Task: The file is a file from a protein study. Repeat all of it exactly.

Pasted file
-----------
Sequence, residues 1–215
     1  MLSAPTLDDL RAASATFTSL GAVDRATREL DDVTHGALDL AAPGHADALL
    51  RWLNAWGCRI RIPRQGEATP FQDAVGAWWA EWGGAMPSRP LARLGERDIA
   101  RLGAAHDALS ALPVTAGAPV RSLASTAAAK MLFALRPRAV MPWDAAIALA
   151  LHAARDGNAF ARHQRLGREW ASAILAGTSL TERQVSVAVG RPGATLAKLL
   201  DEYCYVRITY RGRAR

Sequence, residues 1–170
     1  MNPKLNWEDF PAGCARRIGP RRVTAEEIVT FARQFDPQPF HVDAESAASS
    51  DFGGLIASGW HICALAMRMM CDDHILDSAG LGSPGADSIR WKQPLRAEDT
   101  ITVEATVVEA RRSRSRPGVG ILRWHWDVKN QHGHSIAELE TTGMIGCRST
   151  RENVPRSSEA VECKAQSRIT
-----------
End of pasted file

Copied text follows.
Sequence, residues 1–215
     1  MLSAPTLDDL RAASATFTSL GAVDRATREL DDVTHGALDL AAPGHADALL
    51  RWLNAWGCRI RIPRQGEATP FQDAVGAWWA EWGGAMPSRP LARLGERDIA
   101  RLGAAHDALS ALPVTAGAPV RSLASTAAAK MLFALRPRAV MPWDAAIALA
   151  LHAARDGNAF ARHQRLGREW ASAILAGTSL TERQVSVAVG RPGATLAKLL
   201  DEYCYVRITY RGRAR

Sequence, residues 1–170
     1  MNPKLNWEDF PAGCARRIGP RRVTAEEIVT FARQFDPQPF HVDAESAASS
    51  DFGGLIASGW HICALAMRMM CDDHILDSAG LGSPGADSIR WKQPLRAEDT
   101  ITVEATVVEA RRSRSRPGVG ILRWHWDVKN QHGHSIAELE TTGMIGCRST
   151  RENVPRSSEA VECKAQSRIT